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19 Cards in this Set

  • Front
  • Back
The science of heredity, how traits are passed from generation to generation
A cells genetic information (usually DNA)
Structures that contain DNA
segments of DNA (generally) that code for functional products
the genes of an organism (potential properties)
actual expressed properties (phenotype is the manifestation of genotype)
DNA and chromosomes (Figure 9.3)
Bacterial chromosome
Length of the E. coli chromosome = 1.7 millimeters
Length of the E. coli cell = 2 micrometers
DNA is supercoiled (topoisomerase: DNA gyrase)
DNA (Figure 9.4)
Polymer of nucleotides: adenine, thymine, cytosine, guanine
"Backbone" is deoxyribose-phosphate
Strands held together by hydrogen bonds between AT and CG
Strands are directional, complementary and antiparallel
DNA replication
One "parental" double stranded DNA molecule to two identical "daughter" molecules (semi-conservative)
- DNA unwinds and strands are separated (replication fork)
- Free nucleotides are matched to exposed bases
- DNA polymerase joins nucleotides
- New and original strands rewind
Addition of nucleotides
DNA polymerase only adds nucleotides to the 3' end of DNA
Synthesis requires energy (gained from hydrolysis of phosphate bonds)
Events at the replication fork (Figure 9.6d)
Helicase separates the double-stranded molecule and the replication fork forms
Synthesis of the leading strand proceeds continuously (DNA polymerase III)
Synthesis of the lagging strand is discontinuous (~1000bp) at a time (Okazaki fragments)
- Primase synthesizes RNA primers
- DNA polymerase III adds nucleotides onto the 3' end of the RNA primers
- DNA polymerase I replaces the RNA primers with deoxynucleotides
- DNA ligase seals the gaps between adjacent fragments
Replication of bacterial DNA (Figure 9.6)
Bidirectional replication (two replication forks)
Following replication
- Each origin binds to opposite poles of the membrane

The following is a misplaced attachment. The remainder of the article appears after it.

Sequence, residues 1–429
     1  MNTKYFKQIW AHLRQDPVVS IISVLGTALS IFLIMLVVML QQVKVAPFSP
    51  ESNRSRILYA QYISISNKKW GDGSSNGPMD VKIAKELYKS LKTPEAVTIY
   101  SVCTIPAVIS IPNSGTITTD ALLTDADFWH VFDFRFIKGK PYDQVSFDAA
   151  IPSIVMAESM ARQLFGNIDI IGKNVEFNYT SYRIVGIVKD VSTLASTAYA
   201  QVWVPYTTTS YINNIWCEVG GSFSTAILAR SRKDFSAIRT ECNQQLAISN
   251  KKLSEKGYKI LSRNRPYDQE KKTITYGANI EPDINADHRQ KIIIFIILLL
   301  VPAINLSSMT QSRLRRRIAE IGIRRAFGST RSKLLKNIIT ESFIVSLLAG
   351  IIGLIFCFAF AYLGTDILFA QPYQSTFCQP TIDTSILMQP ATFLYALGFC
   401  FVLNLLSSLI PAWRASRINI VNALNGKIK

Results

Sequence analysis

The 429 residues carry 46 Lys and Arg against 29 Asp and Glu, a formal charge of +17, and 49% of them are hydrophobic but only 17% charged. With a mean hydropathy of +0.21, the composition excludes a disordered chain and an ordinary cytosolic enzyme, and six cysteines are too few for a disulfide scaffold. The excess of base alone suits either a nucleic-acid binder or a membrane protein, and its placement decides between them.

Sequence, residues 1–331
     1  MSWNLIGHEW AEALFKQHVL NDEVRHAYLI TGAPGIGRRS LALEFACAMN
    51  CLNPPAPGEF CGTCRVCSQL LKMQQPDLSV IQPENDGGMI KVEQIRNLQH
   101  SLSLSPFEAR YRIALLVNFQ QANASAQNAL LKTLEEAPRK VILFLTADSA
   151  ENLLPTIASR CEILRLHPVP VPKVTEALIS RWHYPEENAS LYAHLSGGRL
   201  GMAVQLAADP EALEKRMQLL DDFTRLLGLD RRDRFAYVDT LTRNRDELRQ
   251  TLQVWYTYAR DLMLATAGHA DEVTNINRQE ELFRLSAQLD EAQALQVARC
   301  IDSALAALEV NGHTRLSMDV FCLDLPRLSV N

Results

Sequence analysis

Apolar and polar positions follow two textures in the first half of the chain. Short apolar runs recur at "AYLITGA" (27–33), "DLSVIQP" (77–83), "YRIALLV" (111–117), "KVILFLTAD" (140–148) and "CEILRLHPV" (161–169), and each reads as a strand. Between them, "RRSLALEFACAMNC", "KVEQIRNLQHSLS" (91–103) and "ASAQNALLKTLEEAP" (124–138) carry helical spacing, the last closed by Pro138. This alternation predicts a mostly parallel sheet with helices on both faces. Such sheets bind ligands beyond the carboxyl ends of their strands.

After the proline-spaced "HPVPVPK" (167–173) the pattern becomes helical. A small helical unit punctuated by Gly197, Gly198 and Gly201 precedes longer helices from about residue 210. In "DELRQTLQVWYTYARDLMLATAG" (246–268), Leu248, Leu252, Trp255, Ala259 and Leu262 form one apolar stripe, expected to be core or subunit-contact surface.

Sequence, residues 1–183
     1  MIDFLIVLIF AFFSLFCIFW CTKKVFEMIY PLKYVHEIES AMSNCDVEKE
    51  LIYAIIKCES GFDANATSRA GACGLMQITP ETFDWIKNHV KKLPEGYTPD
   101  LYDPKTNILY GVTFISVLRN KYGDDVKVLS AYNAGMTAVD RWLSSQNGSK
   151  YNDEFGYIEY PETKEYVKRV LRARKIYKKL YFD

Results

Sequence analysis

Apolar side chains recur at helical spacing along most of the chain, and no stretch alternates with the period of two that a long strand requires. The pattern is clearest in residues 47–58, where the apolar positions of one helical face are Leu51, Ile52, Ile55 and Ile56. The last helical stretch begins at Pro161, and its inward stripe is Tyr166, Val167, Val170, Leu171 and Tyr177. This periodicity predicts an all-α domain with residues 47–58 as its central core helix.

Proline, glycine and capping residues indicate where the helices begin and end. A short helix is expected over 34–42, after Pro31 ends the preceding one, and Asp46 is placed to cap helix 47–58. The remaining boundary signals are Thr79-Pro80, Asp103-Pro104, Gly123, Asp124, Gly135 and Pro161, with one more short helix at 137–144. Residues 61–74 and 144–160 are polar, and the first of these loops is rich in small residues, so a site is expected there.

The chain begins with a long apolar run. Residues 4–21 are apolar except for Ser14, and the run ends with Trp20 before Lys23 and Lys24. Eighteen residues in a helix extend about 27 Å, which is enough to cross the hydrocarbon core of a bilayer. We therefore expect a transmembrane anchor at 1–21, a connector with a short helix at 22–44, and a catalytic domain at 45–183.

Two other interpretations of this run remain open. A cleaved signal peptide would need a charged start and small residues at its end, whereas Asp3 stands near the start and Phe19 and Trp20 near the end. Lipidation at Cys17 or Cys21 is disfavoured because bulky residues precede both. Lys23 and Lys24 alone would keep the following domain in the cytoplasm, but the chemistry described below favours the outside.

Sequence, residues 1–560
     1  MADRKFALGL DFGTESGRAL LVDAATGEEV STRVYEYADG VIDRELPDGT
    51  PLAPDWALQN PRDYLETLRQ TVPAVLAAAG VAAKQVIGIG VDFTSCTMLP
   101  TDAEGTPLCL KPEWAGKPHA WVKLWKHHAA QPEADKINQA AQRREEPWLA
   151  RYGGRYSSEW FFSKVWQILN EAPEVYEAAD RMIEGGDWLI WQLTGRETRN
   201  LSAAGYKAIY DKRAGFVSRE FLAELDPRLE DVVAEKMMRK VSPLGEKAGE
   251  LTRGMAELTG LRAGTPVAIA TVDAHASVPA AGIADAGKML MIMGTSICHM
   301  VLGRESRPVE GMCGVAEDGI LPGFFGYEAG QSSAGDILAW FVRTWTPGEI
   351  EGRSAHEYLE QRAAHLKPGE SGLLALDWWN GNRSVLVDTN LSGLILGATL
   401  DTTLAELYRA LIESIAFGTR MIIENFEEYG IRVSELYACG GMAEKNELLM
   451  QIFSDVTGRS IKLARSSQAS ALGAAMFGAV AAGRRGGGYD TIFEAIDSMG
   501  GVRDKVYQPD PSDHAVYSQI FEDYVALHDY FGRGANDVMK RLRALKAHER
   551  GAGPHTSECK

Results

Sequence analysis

- Each daughter cell receives one DNA molecule
The Central Dogma (Figure 9.9)
Information in DNA is transcribed into RNA
Information in RNA is translated into proteins
Transcription (Figure 9.12)
DNA is transcribed to make RNA (mRNA, tRNA, and rRNA)
RNA is like DNA except the sugar (ribose not deoxyribose) and uses uracil (U) instead of T
Begins when RNA polymerase binds to the promoter sequence
Proceeds in the 5'-3' direction
Stops when RNA polymerase reaches the terminator sequence
Makes an RNA copy of the DNA sequence for a gene or genes
Translation (Figure 9.13)
mRNA is translated in codons (3 nucleotides)
Each codon specifies an amino acid in the protein
The genetic code is degenerate, that is more than one codon codes for one amino acid
Translation occurs on ribosomes (organelles composed of protein + rRNA)
Starts (AUG) and stops (UAA, UAG, UGA)
tRNAs used to translate codons into amino acid sequence
Steps of Translation
1) The first codon ATG is recognized by the tRNA carrying formyl methionine. This tRNA moves to the P site and the second tRNA moves into the A site
2) An enzyme catalyzes the formation of a peptide bond between amino acids 1 and 2 on tRNA 2
3)The empty tRNA 1 is released from via the E site. The mRNA moves along one codon so that tRNA 2 moves from the A site to the P site
4) The third tRNA then enters the A site using its anticodon to recognize the codon
5) A peptide bond is formed between the growing peptide chain and amino acids 3 on tRNA 3
6) The empty tRNA 2 leaves the ribosome through the E site. tRNA 3 with the peptide attached moves the P site. Codon 4 on the mRNA moves into the A site and is recognized by the anticodon on tRNA 4
7) Amino acid 4 is added to the peptide chain on tRNA 4. The process is repeated for each new amino acid added until a stop codon moves into the A site
When a stop codon enters the A site
- Signals an enzyme to cleave the polypeptide from the final tRNA
- Components are then released for another round of translation
The protein assembly line (Figure 9.17)
Bacterial cells can translate mRNA molecules into proteins as they are being transcribed
Allows rapid response of protein production in response to changing conditions
Summary of the central dogma (Figure 9.15)
Double stranded RNA is transcribed to single stranded RNA
Codons on the RNA are translated in protein sequence